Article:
This unidentified sailor with the Naval Division is believed to be one of those interned in Holland in 1914. The picture was taken at Groningen, and comes to us from 10 Mangersta. Is he one of the Uigeachs listed below who spent the war in “HMS Timbertown”? The following was written by Dave Roberts for Uig News; more information about the 106 known internees from Lewis, and the conditions they experienced, are found at Guido Blokland’s comprehensive website.
On 5 August 1914 the postman delivered buff-coloured envelopes to all the reservists. War had been declared. There was no reluctance to answer the mobilisation call, and those on the Island made their way immediately to Stornoway, thence to Kyle of Lochalsh, and eventually to one of the Channel ports. The most pressing military need at the time was for infantrymen, not for ships’ crews, so the Naval Reservists found themselves issued with a rifle and ten rounds of ammunition. Their training had been as crew for warships, and the handling of big naval guns, not as infantrymen! But on 5 October they were transported to Antwerp in Belgium, via Dunkirk, to attempt to defend the strategic port from the advance of the Kaiser’s Army. The defences were built in the nineteenth century and were no match for the heavy artillery or the devastating fire from the ‘Big Bertha’ mortars. The ill-equipped and inadequately trained Naval Brigades had no chance and held out for less than three days.
They were facing overwhelming odds, and despite orders that they were to defend this strategic deepwater port at all costs, it was obvious that a retreat was necessary. There were also specific orders that on no account should the Naval Division be caught in Antwerp. Eventually the orders came to fall back, and two of the Brigades did so, but for some hours the third remained ignorant of the withdrawal. 3,500 men reached the Burght, crossed the River Scheldt by pontoon bridge and marched to St Niklaas, where they boarded trains and escaped. The other 1,500 men of the First Brigade, consisting of Hawke, Benbow and Collingwood Battalions, finally got their evacuation orders but when they arrived at the river the bridge was no longer in place. Fortunately there were some small boats available for ferrying them across, but valuable time had been lost. They arrived exhausted at St Niklass early on the morning of 9 October.
All the transport had departed and they were forced to continue on foot to St Gillis-Waas. There they discovered that the railway had been blown up, and they were almost completely surrounded by enemy troops. In fact some of the Naval Brigade had already been captured, including John Maclean Ungeshader (Shonnie Gorabhaig), John Buchanan Brenish, John and Angus Maciver Crowlista, and Donald Mackay Valtos. Only three of the Uigeachs who were sent to Antwerp managed to escape that day: they were Kenneth Maciver Geshader, Donald Macritchie Aird and Angus Mackay Valtos. The rest were now facing capture, being wounded or even being killed by the fierce bombardment they were suffering. Commodore Henderson was in charge and the lives of his men depended on him making the right decision. Reluctantly he chose the safest option: rather than become prisoners of war, they would cross the border. Once they were on Dutch soil, and had surrendered their weapons to the Dutch Army, they became internees in the neutral country of Holland.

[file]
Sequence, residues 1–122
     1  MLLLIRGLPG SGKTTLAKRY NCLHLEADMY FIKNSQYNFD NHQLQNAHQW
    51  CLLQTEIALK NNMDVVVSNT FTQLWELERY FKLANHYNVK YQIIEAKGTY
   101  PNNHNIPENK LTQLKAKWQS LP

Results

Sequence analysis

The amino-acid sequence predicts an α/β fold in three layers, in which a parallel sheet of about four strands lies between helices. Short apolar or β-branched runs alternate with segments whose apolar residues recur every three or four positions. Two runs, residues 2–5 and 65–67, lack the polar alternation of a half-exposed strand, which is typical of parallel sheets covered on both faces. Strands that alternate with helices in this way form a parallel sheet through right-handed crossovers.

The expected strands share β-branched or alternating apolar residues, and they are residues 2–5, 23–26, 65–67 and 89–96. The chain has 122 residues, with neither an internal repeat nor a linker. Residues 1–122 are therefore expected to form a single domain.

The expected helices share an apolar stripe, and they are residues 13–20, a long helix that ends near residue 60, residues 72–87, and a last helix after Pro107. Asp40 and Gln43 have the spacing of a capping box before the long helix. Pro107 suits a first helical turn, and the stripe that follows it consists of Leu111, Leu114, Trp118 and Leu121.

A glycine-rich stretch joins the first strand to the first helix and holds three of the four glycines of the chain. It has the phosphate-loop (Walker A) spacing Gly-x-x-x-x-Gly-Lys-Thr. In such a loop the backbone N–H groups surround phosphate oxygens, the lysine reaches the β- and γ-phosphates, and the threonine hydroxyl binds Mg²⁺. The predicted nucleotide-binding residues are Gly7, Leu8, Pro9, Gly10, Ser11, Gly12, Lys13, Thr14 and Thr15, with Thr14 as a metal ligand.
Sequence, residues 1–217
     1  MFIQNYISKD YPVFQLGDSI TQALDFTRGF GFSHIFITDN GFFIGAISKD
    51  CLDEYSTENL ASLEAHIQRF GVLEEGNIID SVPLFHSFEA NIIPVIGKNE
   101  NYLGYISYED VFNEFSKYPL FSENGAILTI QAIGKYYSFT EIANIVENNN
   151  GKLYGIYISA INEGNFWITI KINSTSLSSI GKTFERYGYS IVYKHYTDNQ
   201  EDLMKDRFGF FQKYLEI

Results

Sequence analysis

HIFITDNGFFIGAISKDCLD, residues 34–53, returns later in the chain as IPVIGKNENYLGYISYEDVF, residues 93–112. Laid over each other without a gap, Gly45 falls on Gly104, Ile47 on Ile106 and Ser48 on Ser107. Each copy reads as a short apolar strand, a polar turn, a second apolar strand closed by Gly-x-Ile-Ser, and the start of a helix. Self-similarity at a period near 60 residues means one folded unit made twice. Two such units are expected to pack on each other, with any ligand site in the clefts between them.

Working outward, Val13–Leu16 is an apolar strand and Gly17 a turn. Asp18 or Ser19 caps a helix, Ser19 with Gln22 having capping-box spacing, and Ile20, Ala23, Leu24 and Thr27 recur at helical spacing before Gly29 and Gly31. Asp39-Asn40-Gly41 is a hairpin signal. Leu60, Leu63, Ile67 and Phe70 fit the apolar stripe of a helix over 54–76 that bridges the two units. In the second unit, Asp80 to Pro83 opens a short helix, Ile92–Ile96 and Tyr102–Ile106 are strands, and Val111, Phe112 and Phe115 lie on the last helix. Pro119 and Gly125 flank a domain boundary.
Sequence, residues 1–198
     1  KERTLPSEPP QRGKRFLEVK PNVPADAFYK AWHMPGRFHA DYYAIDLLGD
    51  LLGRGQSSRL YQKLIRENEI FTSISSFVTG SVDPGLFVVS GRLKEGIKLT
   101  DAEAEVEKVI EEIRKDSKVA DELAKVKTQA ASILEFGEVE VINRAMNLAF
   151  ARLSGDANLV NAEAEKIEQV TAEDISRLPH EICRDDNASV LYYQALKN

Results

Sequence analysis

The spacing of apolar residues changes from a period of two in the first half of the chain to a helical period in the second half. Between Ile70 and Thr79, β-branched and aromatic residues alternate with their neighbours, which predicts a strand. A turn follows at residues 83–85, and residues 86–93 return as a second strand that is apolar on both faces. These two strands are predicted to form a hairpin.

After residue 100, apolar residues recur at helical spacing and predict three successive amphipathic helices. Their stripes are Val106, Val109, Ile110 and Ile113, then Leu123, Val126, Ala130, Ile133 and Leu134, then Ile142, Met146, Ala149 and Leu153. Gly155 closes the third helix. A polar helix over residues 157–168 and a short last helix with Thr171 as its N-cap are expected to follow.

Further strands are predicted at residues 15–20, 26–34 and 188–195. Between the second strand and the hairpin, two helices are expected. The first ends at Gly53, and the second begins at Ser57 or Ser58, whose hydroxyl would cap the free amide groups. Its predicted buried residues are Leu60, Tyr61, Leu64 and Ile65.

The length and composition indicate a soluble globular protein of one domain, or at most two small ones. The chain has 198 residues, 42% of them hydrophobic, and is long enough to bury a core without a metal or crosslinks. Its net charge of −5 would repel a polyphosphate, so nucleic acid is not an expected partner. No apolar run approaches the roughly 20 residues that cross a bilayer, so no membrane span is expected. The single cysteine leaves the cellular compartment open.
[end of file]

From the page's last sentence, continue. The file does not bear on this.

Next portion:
The Uig contingent were: Malcolm and Murdo Buchanan (cousins) Brenish; Angus Morrison Islivig; Angus Macdonald Geshader; Donald Morrison, John William Macleod, Angus Macaulay, and James Morrison Valtos; Donald Maclennan Cliff; Kenneth Nicolson Crowlista and Norman Macritchie Aird. Out of the twenty Uigeachs who were sent to Antwerp only Kenneth Maciver Geshader, Donald Macritchie Aird, and Angus Mackay Valtos avoided capture or internment.
A chapter (abridged) by Annis Heawood from Uig: A Hebridean Parish (1960). Photo by Chris Murray.
The district here described includes Gisla, near the head of Little Loch Roag, Enaclete, Ungeshader and Geshader, on the western shores of Loch Roag proper. All these are strung out on or close to the main road. Miavaig, like Gisla, is a small farm but also functions as something of a metropolis for south Uig; it has the post master, whose other functions include registrar and receiver of wrecks, and it has two churches, a telephone exchange, the district doctor and mans, and a petrol pump. At the time of our visit it was also the base for the ‘bus service. Its metropolitan functions arose in the days before the road replaced a ferry boat service from Callanish; here the mails were landed until some date in the 1920s and here to the estate kept coach and horses for transport to Uig Lodge, three miles further west.
There is no record of the original settlement of the four crofting townships, nor of Gisla, which was a township or joint farm of five crofters until about 1850. Some modern houses and bungalows have been built, many with easier access to the road than the old black houses, now often used as byres. Water supply does not seem to present a serious problem because of the extensive moorland gathering grounds to the west, but there are not at present any water-supply schemes. Electricity is, of course, available. Carishader an Enaclete are on the main Stornoway road being served at present by the ‘bus and by vans selling meat, groceries and fish at least once a week. Enaclete has a sub-postoffice. Geshader is less fortunate since, although vans call regularly, ‘buses must be met at the junction of the unsurfaced track and the main Stornoway road, where the school serving this district also stands. The track has been extended in recent years so that it now reaches all the houses. Ungeshader, however , is smaller and although it has had similar delivery arrangements, it is now a dying settlement largely due to its inaccessibility.